November 13 - "We will not tolerate the possession of nuclear weapons by Iran," [Israeli prime minister Ehud] Olmert told NBC television's "Today Show" program, ahead of talks with President George W. Bush on Iran's nuclear ambitions and the Israeli-Palestinian conflict.
Seems pretty clear to me.
Israeli Air Force F-16I Sufa (Storm)
I just returned from a tour of Israel as a guest of what many would term "the lobby." I have been to Israel several times during my career as an intelligence officer and Middle East specialist, but this trip was particularly illuminating.
I was invited in the aftermath of the summer Lebanese war between Hizballah and the Israel Defense Forces (IDF). I assumed that much of the discussion would be a post-mortem on the IDF's operations in Lebanon - I had been fairly critical of the IDF's performance against Hizballah.
As I expected, we did have a lot of discussions with IDF officers and government officials, as well as members of the press and academia about the IDF's problems in Lebanon, but the overwhelming message of the trip was the recurring and persistent theme: Iran - specifically the Iranian nuclear program - is an "existential threat" to the State of Israel. Not only did my discussants tell me this, but Prime Minister Ehud Olmert used the phrase in an October meeting with U.S. Secretary of State Condoleeza Rice - "...for the first time in my life I feel that there is an existential threat against the State of Israel."
The "existential threat"
Israel has faced, and faces, numerous threats. What makes the threat from Iran different is Israel's belief that a nuclear-armed Iran poses a threat to the very existence of the Jewish state. Forty percent of the world's Jews live in a 50 mile coastal strip centered on Tel Aviv. A nuclear strike on this area would be tantamount to a second Holocaust and would likely be unrecoverable.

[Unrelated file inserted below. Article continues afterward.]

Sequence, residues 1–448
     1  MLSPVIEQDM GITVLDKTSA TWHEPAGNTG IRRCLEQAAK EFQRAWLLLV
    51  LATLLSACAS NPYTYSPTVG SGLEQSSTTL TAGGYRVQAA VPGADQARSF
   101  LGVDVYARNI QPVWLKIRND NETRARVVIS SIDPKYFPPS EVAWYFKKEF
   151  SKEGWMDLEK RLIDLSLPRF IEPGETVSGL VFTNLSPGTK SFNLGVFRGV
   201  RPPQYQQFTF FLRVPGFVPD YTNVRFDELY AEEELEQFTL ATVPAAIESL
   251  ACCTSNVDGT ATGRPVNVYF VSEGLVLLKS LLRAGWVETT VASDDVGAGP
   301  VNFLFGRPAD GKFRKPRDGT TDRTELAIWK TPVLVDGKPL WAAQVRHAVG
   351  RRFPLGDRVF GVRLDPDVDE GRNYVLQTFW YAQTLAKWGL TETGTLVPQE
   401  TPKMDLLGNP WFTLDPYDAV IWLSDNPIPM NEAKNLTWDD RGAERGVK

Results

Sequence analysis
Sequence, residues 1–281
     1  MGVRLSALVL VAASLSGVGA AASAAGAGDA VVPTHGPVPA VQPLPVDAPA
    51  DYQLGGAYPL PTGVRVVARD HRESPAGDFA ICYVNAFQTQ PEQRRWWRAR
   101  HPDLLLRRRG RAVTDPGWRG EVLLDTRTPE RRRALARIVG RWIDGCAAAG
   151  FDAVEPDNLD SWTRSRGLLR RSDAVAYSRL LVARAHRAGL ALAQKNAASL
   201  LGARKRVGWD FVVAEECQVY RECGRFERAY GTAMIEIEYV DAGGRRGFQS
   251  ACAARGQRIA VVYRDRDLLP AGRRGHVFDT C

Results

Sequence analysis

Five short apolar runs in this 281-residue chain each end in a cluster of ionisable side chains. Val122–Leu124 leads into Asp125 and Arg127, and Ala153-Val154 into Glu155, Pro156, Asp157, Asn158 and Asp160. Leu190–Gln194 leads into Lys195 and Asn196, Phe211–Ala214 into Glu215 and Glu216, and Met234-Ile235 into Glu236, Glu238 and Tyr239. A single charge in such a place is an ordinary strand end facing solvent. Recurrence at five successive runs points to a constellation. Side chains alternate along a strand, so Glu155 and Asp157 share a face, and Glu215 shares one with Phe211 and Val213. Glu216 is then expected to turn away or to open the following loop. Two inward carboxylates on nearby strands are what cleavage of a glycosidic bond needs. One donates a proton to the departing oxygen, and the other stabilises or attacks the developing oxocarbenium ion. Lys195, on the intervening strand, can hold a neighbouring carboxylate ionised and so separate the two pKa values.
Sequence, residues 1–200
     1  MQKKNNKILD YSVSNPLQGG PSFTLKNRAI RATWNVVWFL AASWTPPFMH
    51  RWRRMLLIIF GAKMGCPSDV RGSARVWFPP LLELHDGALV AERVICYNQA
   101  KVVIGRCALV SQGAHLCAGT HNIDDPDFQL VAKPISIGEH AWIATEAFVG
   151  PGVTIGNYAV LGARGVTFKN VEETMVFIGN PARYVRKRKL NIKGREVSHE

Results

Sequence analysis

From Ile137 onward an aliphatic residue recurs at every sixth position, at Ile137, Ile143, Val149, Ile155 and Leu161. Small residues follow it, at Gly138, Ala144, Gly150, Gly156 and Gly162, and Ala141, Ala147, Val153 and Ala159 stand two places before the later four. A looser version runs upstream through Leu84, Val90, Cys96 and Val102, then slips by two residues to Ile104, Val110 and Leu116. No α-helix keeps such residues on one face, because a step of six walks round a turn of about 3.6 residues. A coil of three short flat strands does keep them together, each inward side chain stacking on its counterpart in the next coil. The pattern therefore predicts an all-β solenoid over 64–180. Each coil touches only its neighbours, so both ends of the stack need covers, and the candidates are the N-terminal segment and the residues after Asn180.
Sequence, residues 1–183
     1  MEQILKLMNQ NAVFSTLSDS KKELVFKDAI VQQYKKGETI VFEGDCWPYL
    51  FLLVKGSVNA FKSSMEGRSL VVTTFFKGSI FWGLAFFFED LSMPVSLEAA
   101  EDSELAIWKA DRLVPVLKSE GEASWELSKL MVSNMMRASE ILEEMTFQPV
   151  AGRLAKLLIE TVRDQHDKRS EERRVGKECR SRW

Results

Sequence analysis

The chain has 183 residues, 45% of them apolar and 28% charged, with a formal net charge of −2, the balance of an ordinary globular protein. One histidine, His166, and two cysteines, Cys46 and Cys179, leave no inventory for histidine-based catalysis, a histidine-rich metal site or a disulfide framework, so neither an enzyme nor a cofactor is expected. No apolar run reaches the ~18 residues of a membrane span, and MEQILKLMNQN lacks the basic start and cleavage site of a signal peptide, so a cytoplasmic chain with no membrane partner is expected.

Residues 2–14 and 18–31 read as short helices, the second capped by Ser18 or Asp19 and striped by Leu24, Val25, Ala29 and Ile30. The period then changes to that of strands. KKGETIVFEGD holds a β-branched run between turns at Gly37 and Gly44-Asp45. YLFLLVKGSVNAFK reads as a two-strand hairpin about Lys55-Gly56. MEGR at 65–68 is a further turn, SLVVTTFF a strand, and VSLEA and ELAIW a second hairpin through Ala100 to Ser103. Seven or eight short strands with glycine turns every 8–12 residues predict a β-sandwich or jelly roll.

The Israelis further believe that Iran, unlike other countries in the region (like Syria), cannot be deterred from launching a nuclear strike on Israel. Senior Israeli officials told me that they are of the belief that once Iran acquires nuclear weapons and the means to deliver them, it is only a matter of time until they strike. They are taking Iranian president Mahmoud Ahmadinejad at his word.
How close are the Iranians to developing a nuclear weapon?
According to a senior Israeli official (in the intelligence business, we would have described him as "a source with direct access to the information"), Iran has not yet mastered the large-scale enrichment process needed to produce sufficient fissile material for weapons production. It might take them another year. After that, it could take a year of production - using cascading centrifuges - to make the required fissile material and a year after that to produce the weapons. Of course, weapons design will not be much of a problem - Iran acquired much of that technology from Pakistani nuclear scientist A.Q. Khan. All in all, the Iranians will likely have a nuclear weapon for their Shihab-3 ballistic missiles (see photo) in three years. The Shihab-3 has a range of over 1000 miles, enough to strike virtually anywhere in Israel.
The Israeli deputy defense minister said this week that Israeli military action against the Iranian nuclear program might be necessary. Ephraim Sneh, a former general, said he considered the military option was the last resort, but "the last resort is sometimes the only resort." Senior military officers believe that they have only a year to resolve the issue diplomatically, or military action will be necessary. The Israelis are fully aware of the potential Iranian reaction (See my earlier piece, When Diplomacy Fails - Reactions to an Air Strike on Iran) to a strike, but believe that the nature of the threat - the existential threat - leaves them no other choice.
In March, I wrote an analysis for MSNBC's Hardball (Iran - Israel's Air Strike Options) in which I stated that the Israeli Air Force does not have the capability to hit the approximately 1500 aim points required to effectively cripple key components of the Iranian nuclear enrichment program. I remain of that opinion.
This issue - the "existential threat" to the State of Israel - will be the main topic of conversation between American officials and Israeli prime minister Ehud Olmert this next week. Olmert arrived in the United States Sunday.